We have been teaching generations of MBA students economic garbage [Thank you John for saying it for me.  Further down, John continues]…. poor Harry Markowitz’s Modern Portfolio Theory got so twisted beyond recognition. I remember being with Harry Markowitz. I gave a speech at a big hedge fund conference about five years ago, talking about why Modern Portfolio Theory was not going to work. The next year it was the 50th anniversary of Modern Portfolio Theory, and they brought Harry out to speak. He of course talked about why it was. I remember meeting him in the hall of this big hotel. And I asked him a couple of questions; I forget what they were because he so staggered me with, “Oh, you missed the whole concept of correlation and assets. Correlations change.”

And he started drawing quadratic equations in the air. But because I was standing in front of him, he was drawing them backwards so I could see them. I mean, this guy is absolutely brilliant. But he’s right, you should have a diversified portfolio of noncorrelated assets; but as John was showing yesterday, correlations in a crisis all go to one.

What money managers did was to create models that said, “If you do this, diversify your portfolio like this, and here are all your noncorrelated asset classes — see what happens? You get long-term positive results.”

And they would project that into the future. But they didn’t project crises, when correlations go to one. Modern financial theory only works in models if you assume a few things that are patently not true in the real world. So we trained a generation of managers and investors that they should buy 60% stocks and 40% bonds. Yet for the last 40 years, bonds have outperformed stocks. Where was that in the model?

Well, we can go back to the 19th century and see it. But we created a trend from 1944 to 2000 that said we were going up, and we trained a generation to believe they could model, and they did it. They modeled garbage, and now we’ve wiped out a generation of retirement income. I could go on and on, but it’s nonsense.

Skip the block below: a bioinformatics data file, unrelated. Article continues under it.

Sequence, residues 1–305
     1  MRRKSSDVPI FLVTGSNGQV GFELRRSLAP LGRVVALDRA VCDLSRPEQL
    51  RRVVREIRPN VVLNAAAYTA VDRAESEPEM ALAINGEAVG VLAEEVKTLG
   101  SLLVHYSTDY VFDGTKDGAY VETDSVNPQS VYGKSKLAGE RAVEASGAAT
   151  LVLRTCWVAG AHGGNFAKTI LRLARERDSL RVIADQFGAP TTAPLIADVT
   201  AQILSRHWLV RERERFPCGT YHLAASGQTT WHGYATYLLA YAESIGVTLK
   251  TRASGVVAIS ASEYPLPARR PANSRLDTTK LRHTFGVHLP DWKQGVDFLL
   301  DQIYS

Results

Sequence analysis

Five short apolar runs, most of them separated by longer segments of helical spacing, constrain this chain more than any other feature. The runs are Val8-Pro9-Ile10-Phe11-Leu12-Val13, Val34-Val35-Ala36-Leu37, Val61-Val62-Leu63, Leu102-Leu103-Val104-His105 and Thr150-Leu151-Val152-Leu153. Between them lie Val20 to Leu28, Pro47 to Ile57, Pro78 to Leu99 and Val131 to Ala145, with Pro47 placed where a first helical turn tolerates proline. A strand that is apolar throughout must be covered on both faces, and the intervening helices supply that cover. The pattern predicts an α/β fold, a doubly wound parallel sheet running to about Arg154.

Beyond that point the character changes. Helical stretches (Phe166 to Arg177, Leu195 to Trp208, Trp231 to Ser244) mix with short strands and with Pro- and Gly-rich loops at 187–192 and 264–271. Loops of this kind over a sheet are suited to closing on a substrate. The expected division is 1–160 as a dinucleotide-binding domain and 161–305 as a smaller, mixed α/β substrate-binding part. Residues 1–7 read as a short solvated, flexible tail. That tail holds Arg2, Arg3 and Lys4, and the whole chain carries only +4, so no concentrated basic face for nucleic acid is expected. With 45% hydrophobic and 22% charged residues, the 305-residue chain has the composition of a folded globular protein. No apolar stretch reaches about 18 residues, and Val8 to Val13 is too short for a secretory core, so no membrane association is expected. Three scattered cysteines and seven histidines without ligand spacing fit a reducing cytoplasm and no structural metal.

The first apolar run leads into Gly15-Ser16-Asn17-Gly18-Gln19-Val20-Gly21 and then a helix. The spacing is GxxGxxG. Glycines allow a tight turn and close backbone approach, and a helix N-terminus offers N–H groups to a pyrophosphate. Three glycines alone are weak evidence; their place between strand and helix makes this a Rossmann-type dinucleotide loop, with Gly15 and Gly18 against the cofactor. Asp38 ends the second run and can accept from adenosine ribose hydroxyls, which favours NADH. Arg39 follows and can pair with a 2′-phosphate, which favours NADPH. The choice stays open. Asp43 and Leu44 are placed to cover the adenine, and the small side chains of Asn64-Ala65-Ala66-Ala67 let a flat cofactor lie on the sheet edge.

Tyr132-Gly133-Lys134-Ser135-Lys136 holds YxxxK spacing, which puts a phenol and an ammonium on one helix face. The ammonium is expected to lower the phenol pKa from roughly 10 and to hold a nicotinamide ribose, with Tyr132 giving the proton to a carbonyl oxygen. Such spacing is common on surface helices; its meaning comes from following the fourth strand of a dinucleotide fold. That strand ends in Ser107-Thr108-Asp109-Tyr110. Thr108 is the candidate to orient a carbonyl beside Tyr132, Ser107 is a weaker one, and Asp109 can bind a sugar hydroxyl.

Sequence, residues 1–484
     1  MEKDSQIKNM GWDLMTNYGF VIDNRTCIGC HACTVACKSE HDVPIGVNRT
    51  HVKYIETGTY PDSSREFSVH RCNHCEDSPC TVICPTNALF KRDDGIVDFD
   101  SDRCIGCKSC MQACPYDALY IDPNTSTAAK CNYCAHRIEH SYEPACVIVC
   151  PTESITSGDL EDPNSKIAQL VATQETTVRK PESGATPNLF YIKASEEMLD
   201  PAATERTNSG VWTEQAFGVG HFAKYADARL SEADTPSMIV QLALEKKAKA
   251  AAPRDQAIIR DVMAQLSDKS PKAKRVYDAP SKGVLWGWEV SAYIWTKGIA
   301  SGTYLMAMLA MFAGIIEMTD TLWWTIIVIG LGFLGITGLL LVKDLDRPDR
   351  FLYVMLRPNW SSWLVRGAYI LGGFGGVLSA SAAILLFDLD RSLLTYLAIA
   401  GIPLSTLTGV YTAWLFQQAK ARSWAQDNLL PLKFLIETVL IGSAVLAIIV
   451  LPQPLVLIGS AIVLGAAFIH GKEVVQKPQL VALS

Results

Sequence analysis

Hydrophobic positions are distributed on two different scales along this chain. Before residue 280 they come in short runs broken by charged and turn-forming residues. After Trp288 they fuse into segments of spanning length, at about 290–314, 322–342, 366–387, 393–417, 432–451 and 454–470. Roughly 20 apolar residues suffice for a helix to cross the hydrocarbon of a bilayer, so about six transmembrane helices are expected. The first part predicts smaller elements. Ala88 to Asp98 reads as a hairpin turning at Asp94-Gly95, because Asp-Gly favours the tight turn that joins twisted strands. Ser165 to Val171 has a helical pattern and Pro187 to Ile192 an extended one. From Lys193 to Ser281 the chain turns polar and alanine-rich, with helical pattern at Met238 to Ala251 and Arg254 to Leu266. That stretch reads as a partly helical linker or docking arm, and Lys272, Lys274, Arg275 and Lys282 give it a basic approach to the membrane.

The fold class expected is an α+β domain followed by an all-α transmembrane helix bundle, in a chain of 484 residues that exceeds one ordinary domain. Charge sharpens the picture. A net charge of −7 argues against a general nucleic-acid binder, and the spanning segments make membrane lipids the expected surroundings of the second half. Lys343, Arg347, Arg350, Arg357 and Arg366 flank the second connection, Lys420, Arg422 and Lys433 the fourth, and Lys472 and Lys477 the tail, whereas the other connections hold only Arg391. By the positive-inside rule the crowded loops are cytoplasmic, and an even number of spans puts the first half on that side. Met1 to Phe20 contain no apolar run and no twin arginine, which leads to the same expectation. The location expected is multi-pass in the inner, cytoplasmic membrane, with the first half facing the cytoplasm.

John Mauldin does go on, and makes for interesting reading, and those curious are encouraged to read further.  However, what needs to be learned from this is the importance of correlations.  Correlations change and worse in a crisis they all go to one.  That is what happens in the real world, and that is what must be modeled in the academic world.  So relying on a diversified portfolio of non-correlated assets does not guarantee long-term positive results unless those assets remain non-correlated especially at times of crisis, when we so desperately need the non-correlation.  Bonds are not necessarily that asset class either, as I suspect that is the next asset class to blow up — can only hope we have some time left on the clock yet before that happens.  The only asset class, if you can give me the privilege of even calling it that, which is not going to correlate by definition is an inverse.  Hence, we deduce that in order to be fully diversified both in the academic and the real world, we must allocate across multiple asset classes both long and just as importantly short.


May 9, 2009 Posted by | Legacy Funds | , , , | Leave a comment

ETF Panels

This past Thursday I was a panelist at the 5th Annual ETF Global Awards & Dinner Workshop in NYC.  It was a highly-charged event; and while witnessing first hand the whiff of innovation that was in the air, one can easily forget the carnage we have been through in both the market and the economy for over a year.  My panel was “How and When to Use Leveraged ETFs and Options” and ended up sharing a lot of similarity to my panel at the Inside ETF Conference in Boca Raton back in January titled “All About Shorting and Hedging” — a topic you will soon learn is near and dear to me (and helped keep the money I manage from participating in last year and this year’s carnage, but I digress).  At both events, the questions and concerns were the performance of the double inverse ETFs and why they deviate from their benchmark on anything longer than a daily basis.  Very simply, they are only designed to match the benchmark on a daily basis.  There have been discussions by the providers in putting out some ETFs with a longer rebalancing period, but is that really what one wants?  Let’s take for example a quarterly rebalancing for a triple leveraged financial ETF.  Let’s hypothetically (or don’t we just wish it was hypothetical) assume that the financial sector dropped 33% in a quarter, then your triple leveraged ETF is now worth zero.   These are very powerful tools that give us the “ability” to make money in down markets.  However, no different than trading in general, actually even more crucial when using these tools, one must have the skill and knowledge to profit.  When it comes to the double inverse ETFs let alone the triple leveraged, not understanding the mathematics behind inverse compounding and the volatility path the ETF takes can result in losses, sometimes significant, even if one was right on the direction.   Making profits in the market is never easy, except maybe on some rare occasion.  Many times though, that only serves to get one to become complacent just in time for the market to take the profit back and then some.

May 2, 2009 Posted by | Legacy Funds | , | Leave a comment